St. Louis River Cleanup Moves Ahead of Schedule
The U.S. Environmental Protection Agency has announced that the first of nine environmental impairments, which caused the St. Louis River to be included on a binational list of Great Lakes Areas of Concern, has been lifted one year ahead of schedule.
EPA Regional Administrator/Great Lakes National Program Manager Susan Hedman was joined for the announcement at Canal Park by U.S. Representatives Rick Nolan (MN) and Sean Duffy (WI) and officials from Minnesota and Wisconsin state agencies.
The St. Louis River is one of 43 contaminated sites on the Great Lakes designated as a Great Lakes Area of Concern by the United States and Canada under the 1987 Great Lakes Water Quality Agreement.
“Today is a great day for the St. Louis River and for Lake Superior. Floating oil, tar residue, grain dust and foam are no longer visible in this Area of Concern,” Hedman said. “Together, we are making real progress to accelerate the actions needed to restore habitat and to clean up the largest freshwater estuary in the world — the headwaters of the largest surface fresh water system in the world.”
Since the early 1990s, EPA, the U.S. Army Corps of Engineers, the National Oceanic and Atmospheric Administration, the U.S. Fish and Wildlife Service and the States of Minnesota and Wisconsin have spent approximately $33 million to remove contaminated sediment and restore habitat in the St. Louis River Area of Concern. Federal funding accounts for over $24 million of that sum – with the lion’s share provided through the Great Lakes Restoration Initiative since 2010.
“Today’s announcement is tremendous news for the ecology and the economy of our region – a clear sign that while there is much work left to be done, we can now look to a day in the not too distant future when the St. Louis River will be fully restored and removed as an Area of Concern,” said Congressman Nolan. “Federal agencies and everyone in Minnesota and Wisconsin involved in this ongoing project deserve great credit for their hard work and persistence. For my part, I will continue to do everything in my power to assure that the necessary resources are available to assure that future generations will enjoy and benefit from the St. Louis River in the clean and pristine state it was intended.”
“I’m proud to see the great progress that is being made in the Saint Louis River Area of Concern through the support of the Great Lakes Restoration Initiative, alongside state and local involvement,” said Congressman Duffy. “This targeted and coordinated investment improves the economy, quality of life, and environment not only for the Superior-Duluth area, but for communities all across the Great Lakes.”
“If beauty is in the eye of the beholder, we are pleased to say that we all agree that the St. Louis River estuary’s beauty has been dramatically improved,” said Minnesota Pollution Control Agency Commissioner John Linc Stine. “This is a historic day for the St. Louis River estuary as we celebrate this first of what we hope will be nine steps forward to remove impairments. It’s been just one year since the plan was approved, and we have shown that the team has a ‘get it done’ attitude. With tremendous support from the Great Lakes Restoration Initiative and Minnesota’s Clean Water, Land and Legacy Funds, and the federal-state partnerships, the future removal of the 8 remaining impairments looks to be within our reach.”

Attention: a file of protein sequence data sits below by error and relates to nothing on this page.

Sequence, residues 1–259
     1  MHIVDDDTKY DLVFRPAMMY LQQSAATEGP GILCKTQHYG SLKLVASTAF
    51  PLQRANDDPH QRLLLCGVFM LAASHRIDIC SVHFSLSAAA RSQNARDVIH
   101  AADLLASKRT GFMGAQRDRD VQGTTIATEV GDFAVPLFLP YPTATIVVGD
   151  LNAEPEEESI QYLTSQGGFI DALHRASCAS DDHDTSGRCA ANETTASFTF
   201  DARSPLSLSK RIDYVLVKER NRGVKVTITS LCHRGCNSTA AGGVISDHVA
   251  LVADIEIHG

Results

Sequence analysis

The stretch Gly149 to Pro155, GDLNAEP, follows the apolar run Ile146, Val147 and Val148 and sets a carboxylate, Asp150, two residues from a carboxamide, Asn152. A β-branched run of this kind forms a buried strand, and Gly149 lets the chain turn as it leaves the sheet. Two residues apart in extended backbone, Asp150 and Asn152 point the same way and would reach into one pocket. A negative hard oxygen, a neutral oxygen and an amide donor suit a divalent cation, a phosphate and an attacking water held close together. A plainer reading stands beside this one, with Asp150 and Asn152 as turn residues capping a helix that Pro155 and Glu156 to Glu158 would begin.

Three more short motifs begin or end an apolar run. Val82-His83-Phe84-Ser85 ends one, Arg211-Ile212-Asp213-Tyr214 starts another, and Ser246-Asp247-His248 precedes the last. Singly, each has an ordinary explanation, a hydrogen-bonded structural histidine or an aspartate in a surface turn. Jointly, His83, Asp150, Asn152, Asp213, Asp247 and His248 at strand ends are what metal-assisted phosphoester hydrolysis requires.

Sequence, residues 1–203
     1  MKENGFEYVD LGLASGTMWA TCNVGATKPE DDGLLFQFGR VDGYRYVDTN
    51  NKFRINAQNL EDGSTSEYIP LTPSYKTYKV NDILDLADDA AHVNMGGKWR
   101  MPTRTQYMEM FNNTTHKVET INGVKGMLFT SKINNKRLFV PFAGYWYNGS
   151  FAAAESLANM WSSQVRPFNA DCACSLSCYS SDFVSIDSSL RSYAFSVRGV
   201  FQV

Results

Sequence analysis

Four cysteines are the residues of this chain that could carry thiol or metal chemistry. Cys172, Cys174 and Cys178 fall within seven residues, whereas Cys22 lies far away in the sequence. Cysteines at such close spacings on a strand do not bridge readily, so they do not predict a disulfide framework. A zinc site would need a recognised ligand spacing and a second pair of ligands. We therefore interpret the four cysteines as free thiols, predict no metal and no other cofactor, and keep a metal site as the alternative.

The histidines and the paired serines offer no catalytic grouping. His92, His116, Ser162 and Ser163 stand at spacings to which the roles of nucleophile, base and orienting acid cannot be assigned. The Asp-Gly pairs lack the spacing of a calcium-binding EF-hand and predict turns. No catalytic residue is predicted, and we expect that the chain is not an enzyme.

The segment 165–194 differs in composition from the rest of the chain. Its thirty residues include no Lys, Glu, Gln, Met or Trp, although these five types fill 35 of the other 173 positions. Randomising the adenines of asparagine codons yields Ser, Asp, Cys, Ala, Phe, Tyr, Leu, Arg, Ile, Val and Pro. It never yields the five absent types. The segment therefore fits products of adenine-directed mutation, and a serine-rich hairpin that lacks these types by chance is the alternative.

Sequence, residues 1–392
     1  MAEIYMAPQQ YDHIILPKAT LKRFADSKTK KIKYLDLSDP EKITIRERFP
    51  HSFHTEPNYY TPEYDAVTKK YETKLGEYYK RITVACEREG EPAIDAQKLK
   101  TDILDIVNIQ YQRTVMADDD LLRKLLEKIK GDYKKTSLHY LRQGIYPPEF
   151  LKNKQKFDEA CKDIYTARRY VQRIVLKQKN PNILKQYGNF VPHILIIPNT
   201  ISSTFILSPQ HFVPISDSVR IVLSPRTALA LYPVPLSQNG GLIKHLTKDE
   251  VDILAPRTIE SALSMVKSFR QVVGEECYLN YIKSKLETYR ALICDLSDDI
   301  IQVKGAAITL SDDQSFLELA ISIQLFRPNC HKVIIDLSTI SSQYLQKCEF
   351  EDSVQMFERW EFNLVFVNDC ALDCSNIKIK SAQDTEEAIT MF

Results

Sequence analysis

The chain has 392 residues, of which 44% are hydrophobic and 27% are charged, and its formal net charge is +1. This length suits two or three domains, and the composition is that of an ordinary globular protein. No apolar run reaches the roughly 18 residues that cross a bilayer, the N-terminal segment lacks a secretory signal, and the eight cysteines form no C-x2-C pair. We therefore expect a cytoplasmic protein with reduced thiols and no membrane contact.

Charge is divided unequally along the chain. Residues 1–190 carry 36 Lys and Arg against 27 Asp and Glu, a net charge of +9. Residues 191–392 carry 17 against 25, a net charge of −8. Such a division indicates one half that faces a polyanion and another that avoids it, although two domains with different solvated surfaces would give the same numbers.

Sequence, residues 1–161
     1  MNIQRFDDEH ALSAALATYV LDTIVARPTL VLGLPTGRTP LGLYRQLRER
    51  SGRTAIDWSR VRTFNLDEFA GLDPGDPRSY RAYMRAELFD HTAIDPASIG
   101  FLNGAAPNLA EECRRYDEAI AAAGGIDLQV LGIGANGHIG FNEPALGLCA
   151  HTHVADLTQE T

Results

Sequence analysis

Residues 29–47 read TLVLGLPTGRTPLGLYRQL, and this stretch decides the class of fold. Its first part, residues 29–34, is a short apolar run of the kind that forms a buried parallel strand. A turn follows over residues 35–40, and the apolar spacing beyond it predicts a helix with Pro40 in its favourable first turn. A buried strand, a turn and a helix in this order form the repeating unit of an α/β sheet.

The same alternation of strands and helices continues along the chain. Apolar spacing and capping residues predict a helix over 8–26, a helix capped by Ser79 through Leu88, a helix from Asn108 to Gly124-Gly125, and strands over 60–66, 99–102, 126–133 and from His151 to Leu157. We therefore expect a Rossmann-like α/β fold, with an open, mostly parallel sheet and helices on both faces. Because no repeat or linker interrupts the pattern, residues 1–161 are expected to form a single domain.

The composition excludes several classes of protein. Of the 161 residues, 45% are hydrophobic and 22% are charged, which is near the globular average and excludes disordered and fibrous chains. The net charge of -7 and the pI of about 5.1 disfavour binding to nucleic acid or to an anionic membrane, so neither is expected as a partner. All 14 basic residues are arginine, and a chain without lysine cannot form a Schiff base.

“Wisconsin is proud to be part of the positive momentum and progress underway to restore the St. Louis River Area of Concern,” said John Gozdzialski, Wisconsin Department of Natural Resources Secretary’s Director for Northern Wisconsin. “For over 25 years, area citizens have worked with government agencies to support river cleanup. Through our hard work and strong partnerships we celebrate restoring the first of nine problems within the estuary. These actions have successfully restored beauty to the river for the citizens, businesses and the surrounding communities that call it home. We have and will continue to harness the collective energies of the partnerships to restore health to the river and support the local communities and the economy.”
“The St. Louis River estuary is an incredible resource for fish, for ducks and other wildlife, and for outdoor recreation. It has the potential to be even better,” said Minnesota Department of Natural Resources Commissioner Tom Landwehr. “I am pleased to see that the investments we have been making to clean up the river and restore habitat are paying off and benefiting the people of Minnesota and Wisconsin. We are committed to strengthening our engagement in this unique partnership and I look forward to removing the rest of the impairments from the list over the next several years.”
Press Release, September 1, 2014